I’m not making a prediction here — I’m pondering a possibility. I spent a day with BlackBerry last week and it brought back memories of how Apple displaced the company around a decade ago. I, like a lot of folks at the time, thought what Apple was attempting was impossible. However, after the fact, it didn’t even look difficult.
BlackBerry largely has completed its pivot to software and services, but a wave of new phones from its partners apparently will be coming to market shortly. Now, BlackBerry isn’t even going to try to displace Apple, so this is a “what if” look at how the company might go about doing to Apple what Apple did to it.
John Chen, BlackBerry’s CEO, is more Steve Jobs like than Tim Cook is, and Apple is hardly at the top of its game at the moment.
I’ll do some serious speculating and then close with my product of the week: the Holley Sniper EFI that can make your old car run like a new car.
Steve Jobs’ Magical Move
If we drop back a bit over a decade, Apple was dominant with the iPod but Steve Jobs realized that smartphones had the potential to absorb that market and displace it. Anticipating that wave, he first partnered badly, but he learned from his mistake and then developed his own device. Jobs made the decision to cannibalize the iPod and critically harm that market as he pivoted Apple to smartphones. In the process, he drove Palm out of the market, and dropped Research In Motion (RIM, BlackBerry’s previous company name) to its knees.
Even Microsoft was critically damaged, and the market disruption was instrumental in causing Bill Gates to fire his best friend, CEO Steve Ballmer. Anyone who might have suggested that any of these things would happen before the iPhone shipped would have been laughed off the stage. Yet in hindsight, it doesn’t look impossible at all. Steve Jobs made it look easy.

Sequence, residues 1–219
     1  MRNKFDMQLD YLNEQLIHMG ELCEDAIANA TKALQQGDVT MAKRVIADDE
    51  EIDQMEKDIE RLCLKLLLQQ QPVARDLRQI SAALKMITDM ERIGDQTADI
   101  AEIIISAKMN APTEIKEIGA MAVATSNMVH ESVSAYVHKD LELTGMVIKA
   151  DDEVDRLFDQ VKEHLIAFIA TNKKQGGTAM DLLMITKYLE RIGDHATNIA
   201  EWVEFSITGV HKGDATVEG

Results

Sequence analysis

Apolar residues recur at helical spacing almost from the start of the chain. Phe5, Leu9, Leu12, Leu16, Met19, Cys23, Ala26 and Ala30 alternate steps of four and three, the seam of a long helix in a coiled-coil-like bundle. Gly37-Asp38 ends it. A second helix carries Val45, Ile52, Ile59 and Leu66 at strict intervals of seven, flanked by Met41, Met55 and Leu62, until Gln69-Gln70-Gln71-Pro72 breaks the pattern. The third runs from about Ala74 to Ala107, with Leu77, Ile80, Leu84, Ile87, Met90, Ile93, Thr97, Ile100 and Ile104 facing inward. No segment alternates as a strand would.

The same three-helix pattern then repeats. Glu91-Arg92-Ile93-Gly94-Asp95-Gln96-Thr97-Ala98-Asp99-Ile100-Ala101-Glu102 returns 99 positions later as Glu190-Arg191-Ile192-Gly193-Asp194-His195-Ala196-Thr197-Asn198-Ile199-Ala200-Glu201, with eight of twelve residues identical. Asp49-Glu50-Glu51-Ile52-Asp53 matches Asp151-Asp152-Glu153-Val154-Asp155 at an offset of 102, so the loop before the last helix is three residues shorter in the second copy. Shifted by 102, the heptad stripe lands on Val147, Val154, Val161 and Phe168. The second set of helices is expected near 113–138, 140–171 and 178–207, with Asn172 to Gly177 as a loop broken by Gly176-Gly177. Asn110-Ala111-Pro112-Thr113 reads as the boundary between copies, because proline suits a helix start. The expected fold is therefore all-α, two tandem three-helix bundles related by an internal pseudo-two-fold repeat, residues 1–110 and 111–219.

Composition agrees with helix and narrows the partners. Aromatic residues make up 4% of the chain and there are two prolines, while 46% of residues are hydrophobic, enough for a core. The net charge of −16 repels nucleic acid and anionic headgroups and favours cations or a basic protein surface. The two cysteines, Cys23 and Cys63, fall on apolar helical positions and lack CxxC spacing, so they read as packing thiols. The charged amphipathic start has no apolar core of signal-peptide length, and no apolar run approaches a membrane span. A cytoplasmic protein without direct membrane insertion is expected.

Ironically, there were people at both Palm and Microsoft who developed plans for an iPhone-like product before Apple. However, executives in both firms thought the ideas were stupid, and that anything but a business focus for those devices was stupid. They killed the programs, only to lose their own jobs as Apple pounded them for their mistaken views.
I think the real irony here was that Jobs saw a threat that he thought was a common vision, but he was the only top executive who seemed to hold it at the time. Given that Apple was the trigger for Android, it makes you wonder whether we’d still have iPods and BlackBerrys today had Jobs not made that pivot.
The market shift came with a lot of pain — not just for companies like Nokia, Palm and RIM, which had been dominant, but for users as well. Keyboard phones could be used blind — you could feel the keys. Business apps weren’t as numerous or as distracting. You could use those older phones and do something else at the same time more easily.
With screen-centric phones and virtual keyboards, people have to look at the devices. That makes multitasking while walking or driving far more dangerous, resulting in a substantial number of accidents and deaths, and spurring laws preventing the use of smartphones while driving.
As a side note, there is a growing interest in flip phones again, which suggests the market is looking for a change.